Document Detail

Factors influencing the radial-tangential illusion in haptic perception.
MedLine Citation:
PMID:  17053907     Owner:  NLM     Status:  MEDLINE    
According to the radial-tangential illusion, in the horizontal plane, arm movements executed in directions radial to the trunk are sensed to be longer than movements of the same length in the orthogonal direction. It has been suggested that the illusion arises from the fact that radially directed movements are executed more slowly and require more effort. These suggestions were tested in a series of experiments, using a robotically controlled manipulandum. In all of the experiments subjects grasped the handle of the manipulandum, in some cases exploring the virtual boundary of a rectangle, while in others being guided along a rectangular contour by the robot. In a two-alternative forced choice design, subjects reported whether the rectangle was wide or narrow. In a control experiment, subjects manifested the radial-tangential illusion. Contrary to the hypothesis, the magnitude of this illusion was not altered when a resistive force was added in the tangential direction or when the ratio of movement times in the tangential and radial directions was changed. However, when the contour was explored in the counterclockwise direction, the illusion was much smaller than when it was explored in the clockwise direction. A second series of experiments, in which subjects only explored two sides (i.e., an L-shape), demonstrated that this effect arose from distortions induced by the serial ordering of the exploratory movements. The illusion was much smaller when the radial segment was explored first. We suggest that this distortion arises from the serial nature of haptic exploration, in which the length of the initial segment decreases as it is stored in working memory for subsequent comparison.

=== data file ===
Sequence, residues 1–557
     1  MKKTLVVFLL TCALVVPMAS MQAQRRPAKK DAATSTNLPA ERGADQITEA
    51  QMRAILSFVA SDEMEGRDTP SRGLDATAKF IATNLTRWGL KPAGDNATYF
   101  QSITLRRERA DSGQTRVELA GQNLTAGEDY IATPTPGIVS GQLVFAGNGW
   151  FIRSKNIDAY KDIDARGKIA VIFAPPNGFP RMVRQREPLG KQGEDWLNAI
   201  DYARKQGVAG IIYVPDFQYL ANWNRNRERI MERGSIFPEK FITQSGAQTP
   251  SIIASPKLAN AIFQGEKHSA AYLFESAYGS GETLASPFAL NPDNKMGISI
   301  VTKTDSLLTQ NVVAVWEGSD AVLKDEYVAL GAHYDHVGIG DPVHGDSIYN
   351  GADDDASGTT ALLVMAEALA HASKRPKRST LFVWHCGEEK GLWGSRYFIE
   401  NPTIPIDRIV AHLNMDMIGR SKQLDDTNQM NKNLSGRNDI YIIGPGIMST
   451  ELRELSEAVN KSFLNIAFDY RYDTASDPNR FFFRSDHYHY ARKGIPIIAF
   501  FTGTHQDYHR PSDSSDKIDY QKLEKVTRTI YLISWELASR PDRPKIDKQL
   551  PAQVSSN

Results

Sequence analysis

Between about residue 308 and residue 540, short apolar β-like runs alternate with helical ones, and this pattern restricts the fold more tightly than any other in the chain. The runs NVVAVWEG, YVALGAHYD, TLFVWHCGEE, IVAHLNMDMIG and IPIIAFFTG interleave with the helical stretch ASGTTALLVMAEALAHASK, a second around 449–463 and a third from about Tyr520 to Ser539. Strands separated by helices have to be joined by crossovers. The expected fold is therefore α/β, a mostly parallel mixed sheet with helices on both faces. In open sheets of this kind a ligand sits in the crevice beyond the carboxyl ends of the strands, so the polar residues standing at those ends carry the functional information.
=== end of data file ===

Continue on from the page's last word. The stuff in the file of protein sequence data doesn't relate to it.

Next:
James McFarland; John F Soechting
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Publication Detail:
Type:  Journal Article; Research Support, N.I.H., Extramural     Date:  2006-10-12
Journal Detail:
Title:  Experimental brain research     Volume:  178     ISSN:  0014-4819     ISO Abbreviation:  Exp Brain Res     Publication Date:  2007 Apr 
Date Detail:
Created Date:  2007-03-19     Completed Date:  2008-01-04     Revised Date:  2013-12-13    
Medline Journal Info:
Nlm Unique ID:  0043312     Medline TA:  Exp Brain Res     Country:  Germany    
Other Details:
Languages:  eng     Pagination:  216-27     Citation Subset:  IM    
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MeSH Terms
Distance Perception*
Movement / physiology*
Perception / physiology*
Psychomotor Performance
Grant Support

From MEDLINE®/PubMed®, a database of the U.S. National Library of Medicine

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